The Court of Appeals held this week that leased employees are to be considered joint employees of all corporations involved in the leasing of the worker. As a result, leased employees injured on the job should be given the same treatment as traditional employees and cannot recover for their injuries beyond what is offered through worker’s compensation benefits.
In Taylor v. Ford Motor Co., No. 49A02-1007-CT-823, James Taylor was a thirty-year employee at an Indianapolis Ford factory before retiring in February 2007. Two years prior to his retirement, the factory was taken over by a subsidiary of Ford but Taylor remained a Ford employee. He returned to work later in August 2007 at the same factory, but as an employee of Visteon Corporation leased to work for the new subsidiary. The next year, Taylor was injured after being struck by a forklift operator who was an employee of the subsidiary. Taylor applied for and received worker’s compensation benefits before suing the employee, the subsidiary, and Ford for negligence. The trial court dismissed the suit for lack of subject matter jurisdiction and Taylor appealed.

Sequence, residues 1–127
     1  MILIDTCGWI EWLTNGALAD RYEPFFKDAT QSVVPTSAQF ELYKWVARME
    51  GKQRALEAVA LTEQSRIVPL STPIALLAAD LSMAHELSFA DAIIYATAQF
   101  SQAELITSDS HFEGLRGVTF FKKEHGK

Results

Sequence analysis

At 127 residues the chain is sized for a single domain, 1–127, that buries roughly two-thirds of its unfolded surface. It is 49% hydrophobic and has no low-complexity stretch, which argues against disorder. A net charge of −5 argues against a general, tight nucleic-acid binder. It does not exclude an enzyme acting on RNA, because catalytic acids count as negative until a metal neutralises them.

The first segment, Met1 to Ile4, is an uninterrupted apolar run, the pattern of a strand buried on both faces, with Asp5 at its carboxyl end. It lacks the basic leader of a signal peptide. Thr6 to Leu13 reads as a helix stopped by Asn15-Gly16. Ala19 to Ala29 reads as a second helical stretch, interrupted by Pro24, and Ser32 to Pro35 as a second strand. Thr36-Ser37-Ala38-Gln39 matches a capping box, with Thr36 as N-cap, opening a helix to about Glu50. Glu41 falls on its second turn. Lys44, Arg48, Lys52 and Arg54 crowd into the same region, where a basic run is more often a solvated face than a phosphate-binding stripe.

In reviewing the dismissal de novo, the Court of Appeals agreed with the trial court decision. The defendants relied on Indiana Code Sec. 22-3-6-1(a), which provides that “[b]oth a lessor and a lessee of employees shall each be considered joint employers of the employees provided by the lessor to the lessee for purposes of [The Indiana Worker’s Compensation Act].” The Workers Comp Act provides the sole remedy for employees injured while at work and bars lawsuits brought as a result of the injuries, unless they were caused by someone who is not a fellow employee. The court determined that the language of IC § 22-3-6-1(a) was unambiguous and that it plainly stated that leased employees should be treated in the same manner that other employees are treated. The court cited to the concern of leased employees potentially recovering twice for their injuries by applying for Worker’s Compensation benefits and then suing for negligence. The court upheld the decision and dismissed the case for lack of subject matter jurisdiction.